I drove back to (and just past) the hotel, stopping this time at a Shell petrol station. That had the same offering, and so I slumped in my car, took two paracetamol and pondered how well calling in sick would be received the next day.

I drove the few hundred metres back to the hotel, parked up and got out. In pure desperation, I opened the boot and searched for something - anything - that would kill off a migraine.

I pulled out my coat, which had been thrown in the boot a few weeks before. I hunted through the pockets, all the while breathing in the cool night air deeply to try and quell the nausea that seems to go arm-in-arm with all the other symptoms.

In the inside pocket was a packet of tablets. I pulled them out, fully expecting them to be standard painkillers. I could have cried with relief when I saw that they were Migralieve. What’s more, there were several left, meaning I could take them through the night and the next morning two.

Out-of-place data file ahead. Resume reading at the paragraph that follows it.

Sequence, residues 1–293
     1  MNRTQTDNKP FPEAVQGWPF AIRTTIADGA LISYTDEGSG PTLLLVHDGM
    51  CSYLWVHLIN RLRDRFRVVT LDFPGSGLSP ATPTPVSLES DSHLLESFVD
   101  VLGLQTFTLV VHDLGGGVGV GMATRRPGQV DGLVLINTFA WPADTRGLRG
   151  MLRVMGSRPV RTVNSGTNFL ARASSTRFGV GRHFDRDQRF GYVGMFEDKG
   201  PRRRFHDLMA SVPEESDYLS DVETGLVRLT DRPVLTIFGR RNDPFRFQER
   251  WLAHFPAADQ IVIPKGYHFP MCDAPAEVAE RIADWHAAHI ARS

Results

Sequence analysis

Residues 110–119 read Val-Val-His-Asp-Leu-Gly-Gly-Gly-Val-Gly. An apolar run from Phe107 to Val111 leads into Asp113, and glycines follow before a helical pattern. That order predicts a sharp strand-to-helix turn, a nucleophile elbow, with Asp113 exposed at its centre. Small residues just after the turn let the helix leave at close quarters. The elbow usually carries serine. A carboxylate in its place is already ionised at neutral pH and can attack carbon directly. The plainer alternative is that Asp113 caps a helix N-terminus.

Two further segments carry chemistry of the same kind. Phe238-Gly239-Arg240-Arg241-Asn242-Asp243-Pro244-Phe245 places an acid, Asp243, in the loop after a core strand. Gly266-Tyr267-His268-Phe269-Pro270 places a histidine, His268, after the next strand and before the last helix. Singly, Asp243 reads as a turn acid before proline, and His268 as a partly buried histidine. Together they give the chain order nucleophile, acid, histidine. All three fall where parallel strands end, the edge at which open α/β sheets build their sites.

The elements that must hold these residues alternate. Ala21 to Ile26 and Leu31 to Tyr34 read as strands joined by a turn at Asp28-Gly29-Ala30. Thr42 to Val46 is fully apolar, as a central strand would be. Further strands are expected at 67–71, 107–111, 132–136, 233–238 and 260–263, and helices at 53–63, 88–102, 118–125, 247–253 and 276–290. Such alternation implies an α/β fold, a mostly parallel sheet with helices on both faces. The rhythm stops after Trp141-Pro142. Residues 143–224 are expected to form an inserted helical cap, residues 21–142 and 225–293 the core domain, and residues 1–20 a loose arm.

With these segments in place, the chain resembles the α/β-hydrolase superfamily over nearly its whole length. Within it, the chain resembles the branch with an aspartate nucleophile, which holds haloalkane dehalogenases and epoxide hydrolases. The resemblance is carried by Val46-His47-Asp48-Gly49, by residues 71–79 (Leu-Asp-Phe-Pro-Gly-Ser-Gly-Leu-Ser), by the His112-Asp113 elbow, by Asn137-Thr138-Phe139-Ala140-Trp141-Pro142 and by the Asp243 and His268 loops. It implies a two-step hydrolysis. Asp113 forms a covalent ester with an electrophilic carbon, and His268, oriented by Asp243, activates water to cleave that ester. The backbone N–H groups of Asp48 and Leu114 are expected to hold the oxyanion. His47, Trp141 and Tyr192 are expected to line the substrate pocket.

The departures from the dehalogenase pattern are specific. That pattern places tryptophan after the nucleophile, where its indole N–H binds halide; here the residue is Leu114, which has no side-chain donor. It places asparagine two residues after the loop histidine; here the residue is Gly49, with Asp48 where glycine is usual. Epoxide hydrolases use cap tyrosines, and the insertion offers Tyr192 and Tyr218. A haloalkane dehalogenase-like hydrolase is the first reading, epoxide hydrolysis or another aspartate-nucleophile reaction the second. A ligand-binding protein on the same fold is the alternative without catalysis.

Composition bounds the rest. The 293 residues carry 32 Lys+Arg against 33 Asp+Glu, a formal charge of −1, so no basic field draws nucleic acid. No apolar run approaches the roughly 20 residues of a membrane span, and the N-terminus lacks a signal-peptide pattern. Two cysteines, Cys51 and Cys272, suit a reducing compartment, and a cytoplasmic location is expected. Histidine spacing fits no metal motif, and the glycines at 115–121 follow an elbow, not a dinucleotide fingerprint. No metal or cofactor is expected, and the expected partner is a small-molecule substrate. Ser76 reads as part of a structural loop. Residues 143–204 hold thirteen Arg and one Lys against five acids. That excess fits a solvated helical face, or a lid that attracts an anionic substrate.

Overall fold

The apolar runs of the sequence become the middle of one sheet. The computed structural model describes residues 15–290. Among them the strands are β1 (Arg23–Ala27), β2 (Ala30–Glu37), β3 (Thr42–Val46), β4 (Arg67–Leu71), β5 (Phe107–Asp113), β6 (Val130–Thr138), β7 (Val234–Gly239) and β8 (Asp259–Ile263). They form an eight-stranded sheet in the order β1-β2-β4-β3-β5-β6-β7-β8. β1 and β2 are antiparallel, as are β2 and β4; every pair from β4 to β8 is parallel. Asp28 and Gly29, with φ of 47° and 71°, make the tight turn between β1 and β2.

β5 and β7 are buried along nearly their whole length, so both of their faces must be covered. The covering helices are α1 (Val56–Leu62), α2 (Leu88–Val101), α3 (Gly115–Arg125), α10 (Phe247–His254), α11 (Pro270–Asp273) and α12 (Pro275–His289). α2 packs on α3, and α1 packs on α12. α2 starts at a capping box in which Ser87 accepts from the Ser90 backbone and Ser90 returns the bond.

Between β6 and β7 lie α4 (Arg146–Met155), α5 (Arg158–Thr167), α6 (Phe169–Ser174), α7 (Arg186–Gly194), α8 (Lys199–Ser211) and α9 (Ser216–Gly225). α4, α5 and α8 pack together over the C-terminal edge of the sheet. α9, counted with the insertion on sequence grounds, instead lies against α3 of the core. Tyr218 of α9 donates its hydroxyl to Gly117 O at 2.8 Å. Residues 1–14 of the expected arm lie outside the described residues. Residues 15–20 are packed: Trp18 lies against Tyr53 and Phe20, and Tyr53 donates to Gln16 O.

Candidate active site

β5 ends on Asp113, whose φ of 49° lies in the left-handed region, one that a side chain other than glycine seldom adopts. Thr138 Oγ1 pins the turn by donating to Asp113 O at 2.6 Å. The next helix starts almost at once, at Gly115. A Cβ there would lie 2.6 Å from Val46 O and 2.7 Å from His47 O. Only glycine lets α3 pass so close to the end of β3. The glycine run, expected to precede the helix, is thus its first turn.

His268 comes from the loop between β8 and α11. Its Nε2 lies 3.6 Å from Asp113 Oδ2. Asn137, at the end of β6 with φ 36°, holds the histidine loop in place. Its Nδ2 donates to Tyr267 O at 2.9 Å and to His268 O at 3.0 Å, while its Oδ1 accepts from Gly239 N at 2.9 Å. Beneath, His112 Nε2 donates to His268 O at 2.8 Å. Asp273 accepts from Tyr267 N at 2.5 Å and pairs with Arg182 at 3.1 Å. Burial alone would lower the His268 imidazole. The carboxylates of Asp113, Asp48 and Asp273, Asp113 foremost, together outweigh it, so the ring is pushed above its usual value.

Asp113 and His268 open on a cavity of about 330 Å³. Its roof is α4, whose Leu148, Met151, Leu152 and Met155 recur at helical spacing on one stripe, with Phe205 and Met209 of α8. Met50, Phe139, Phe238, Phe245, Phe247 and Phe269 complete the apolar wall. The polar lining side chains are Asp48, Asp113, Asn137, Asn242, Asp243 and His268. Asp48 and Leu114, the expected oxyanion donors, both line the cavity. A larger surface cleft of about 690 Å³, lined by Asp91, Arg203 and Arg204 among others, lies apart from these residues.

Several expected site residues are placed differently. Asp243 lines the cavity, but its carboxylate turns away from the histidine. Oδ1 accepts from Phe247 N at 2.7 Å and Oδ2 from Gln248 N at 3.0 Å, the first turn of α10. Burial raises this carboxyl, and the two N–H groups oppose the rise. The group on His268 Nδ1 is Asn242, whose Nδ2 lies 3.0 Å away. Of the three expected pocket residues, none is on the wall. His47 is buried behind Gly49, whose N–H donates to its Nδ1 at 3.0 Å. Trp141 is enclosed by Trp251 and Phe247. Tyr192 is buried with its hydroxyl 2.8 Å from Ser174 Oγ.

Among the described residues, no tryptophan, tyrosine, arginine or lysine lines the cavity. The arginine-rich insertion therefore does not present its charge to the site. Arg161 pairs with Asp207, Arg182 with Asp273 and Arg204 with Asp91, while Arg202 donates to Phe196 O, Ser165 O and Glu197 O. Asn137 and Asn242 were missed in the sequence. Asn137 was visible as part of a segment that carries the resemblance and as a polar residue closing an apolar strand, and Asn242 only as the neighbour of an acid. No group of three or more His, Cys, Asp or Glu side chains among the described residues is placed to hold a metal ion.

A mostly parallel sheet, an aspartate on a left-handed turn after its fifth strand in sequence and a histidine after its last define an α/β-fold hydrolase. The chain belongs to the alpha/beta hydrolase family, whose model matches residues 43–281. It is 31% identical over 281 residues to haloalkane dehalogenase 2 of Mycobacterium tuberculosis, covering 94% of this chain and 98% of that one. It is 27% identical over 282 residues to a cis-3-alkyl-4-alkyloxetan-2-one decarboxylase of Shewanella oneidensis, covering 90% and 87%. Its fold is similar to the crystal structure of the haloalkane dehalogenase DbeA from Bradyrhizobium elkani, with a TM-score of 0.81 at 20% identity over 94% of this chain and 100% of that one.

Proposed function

Migralieve tablets for migraines

Heaven in tablet form for migraine sufferers.

I greedily swallowed two down without water as I stood by the car, not caring that I had just had other tablets. I made my way back to my room, the bright hall lights once again feeling like being stabbed in the eyes.

I got to the door of my room, felt my pockets for the key card to gain entry, and then had to sheepishly go to reception and ask for another key as I’d locked mine in.

A few minutes later I was back in bed. Window open, cool breeze blowing through and the cool side of the pillow on my forehead. I drifted off, woke up around 4am, took more tablets and thankfully woke up migraine-free at 7am.

It took a day or two for the symptoms to wear off.

I always say it’s akin to a bad hangover recovery, where you no longer have a headache or want to be sick, but your body feels like it has been through the wars and you’re vowing never to get in that state again.

by DannyUK